The dedicated fans translating Game of Thrones into Chinese
It takes six hours for a group of 10 young ‘fansubbers’ to create Putonghua subtitles for one episode of the hit TV show
An hour after the season finale of hit television drama Game of Thrones aired on HBO on Monday, 10 young Chinese meet online – as they have done every Monday since mid-July.
It’s 10am, and for the next six hours they have a job to do: translating the show’s dialogue into Putonghua, based on the original episode and its English subtitles.
The group members are based in Chinese cities including Beijing, Guangzhou and Xian, but also in Pittsburgh in the United States and Manchester in Britain.
They work together on a cloud-based interface called Shimo Docs. Six of them do the translating, three proofread and a team leader does the final check.
By 4pm, the subtitles – in simplified characters – are ready to go into a file format known as Advanced SubStation Alpha before they are published on one of China’s biggest subtitle sharing websites, SubHD.
Waiting for the translation are Chinese fans of the show who don’t want to pay to watch the latest episode with official Putonghua subtitles on Tencent, HBO’s exclusive online partner in China.
They can access the subtitles themselves or via a video sharing website. The practice is illegal, but despite crackdowns by the authorities in recent years, it hasn’t been stopped.
Members of the Yigui subtitling team do not get paid for this service – they are all fans of A Song of Ice and Fire, the series of fantasy novels by George R. R. Martin that Game of Thrones is based on.
It is one of many so-called fansubbing – or fan-subtitling – groups on mainland China, where pirated films and television series are still commonly watched.
Achilles Chen, one of the team’s two leaders who is based in Guangzhou, said it was Martin’s books that first brought them together in 2011.
“As fans of the novel [who met] on Baidu Tieba [a communication platform run by Chinese search giant Baidu], we were very excited that a television series had been produced based on the book. But we found that many of the Chinese subtitles didn’t work so well – mainly because the translators hadn’t read the books,” said Chen, who is known online as Shizi.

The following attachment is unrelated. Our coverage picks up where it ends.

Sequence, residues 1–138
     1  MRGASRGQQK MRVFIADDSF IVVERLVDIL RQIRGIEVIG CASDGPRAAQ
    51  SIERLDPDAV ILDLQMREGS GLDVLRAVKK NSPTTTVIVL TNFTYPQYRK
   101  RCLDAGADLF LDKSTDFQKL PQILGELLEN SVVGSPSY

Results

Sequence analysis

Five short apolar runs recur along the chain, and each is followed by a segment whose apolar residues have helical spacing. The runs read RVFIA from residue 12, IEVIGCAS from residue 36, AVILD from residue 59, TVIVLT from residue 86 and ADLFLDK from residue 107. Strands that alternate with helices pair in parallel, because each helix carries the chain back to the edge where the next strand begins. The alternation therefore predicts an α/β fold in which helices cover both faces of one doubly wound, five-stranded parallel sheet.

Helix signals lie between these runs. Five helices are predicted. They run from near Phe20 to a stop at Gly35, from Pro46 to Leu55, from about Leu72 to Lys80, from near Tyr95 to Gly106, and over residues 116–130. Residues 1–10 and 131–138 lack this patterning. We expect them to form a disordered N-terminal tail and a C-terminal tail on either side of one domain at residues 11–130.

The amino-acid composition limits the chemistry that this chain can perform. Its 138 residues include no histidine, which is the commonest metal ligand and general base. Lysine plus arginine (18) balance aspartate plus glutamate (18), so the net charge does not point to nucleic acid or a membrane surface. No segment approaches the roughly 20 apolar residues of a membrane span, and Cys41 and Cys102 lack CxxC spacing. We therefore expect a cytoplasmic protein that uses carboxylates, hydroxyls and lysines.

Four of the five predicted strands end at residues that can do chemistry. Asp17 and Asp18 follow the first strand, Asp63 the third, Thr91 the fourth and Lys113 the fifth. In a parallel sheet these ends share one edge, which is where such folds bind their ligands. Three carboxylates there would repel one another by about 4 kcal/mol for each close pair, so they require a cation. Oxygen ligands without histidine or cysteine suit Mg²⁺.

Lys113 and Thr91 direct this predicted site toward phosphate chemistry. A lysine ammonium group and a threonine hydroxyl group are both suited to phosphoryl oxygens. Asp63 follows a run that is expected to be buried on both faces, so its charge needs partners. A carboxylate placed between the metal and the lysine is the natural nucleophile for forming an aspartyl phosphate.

They weren’t the only ones who were disappointed. As a result, Qu Chang, who was one of the Chinese translators of Martin’s first five books, began translating the television subtitles for fans of the show.
But Qu was doing the translations in his own time, and it was hard to keep on top of it on his own, Chen said. That’s when some of the fans from Tieba joined in.
Qu is now an adviser to Yigui, and the fansubbing team continues to grow.
It’s a big task – each episode has 400 to 700 lines, depending on the length of the fight scenes, and the translations have become more difficult in recent seasons, Chen said.
“The earlier seasons were closer to the novel, so four translators were enough,” he said. “Now we have six.”
Chen has been part of the group since the first season, and he has seen many volunteers with varied backgrounds come and go over the years.
“We are all normal people with our own jobs and lives. We do it for free,” he said.
A former Yigui member who declined to be named said fansubbing groups in China generally specialised in one area. Some translated a variety of films and TV series, others focused on a particular genre or actor, while others focused on classics, documentaries or minority languages, she said.
Like most of them, Yigui has remained non-profit. But one thing that sets it apart is that its sole focus is the Game of Thrones series.
Tencent had approached the group in the past to work with it, according to the former member, but the negotiations went nowhere.
“They offered us a paltry 200 yuan to 300 yuan (US$30 to US$45) per episode. We may as well have been [working for Tencent] for free,” said the fansubber, who worked on the Putonghua translations of two seasons of the show.
For now, the group intends to carry on producing the subtitles on a voluntary basis. Chen said he could not see any possibility of Yigui entering into a commercial partnership in the short term.
“The best thing for a subtitling team is to be purchased by an official producer or its partner, but it needs to be a good price and good timing,” he said.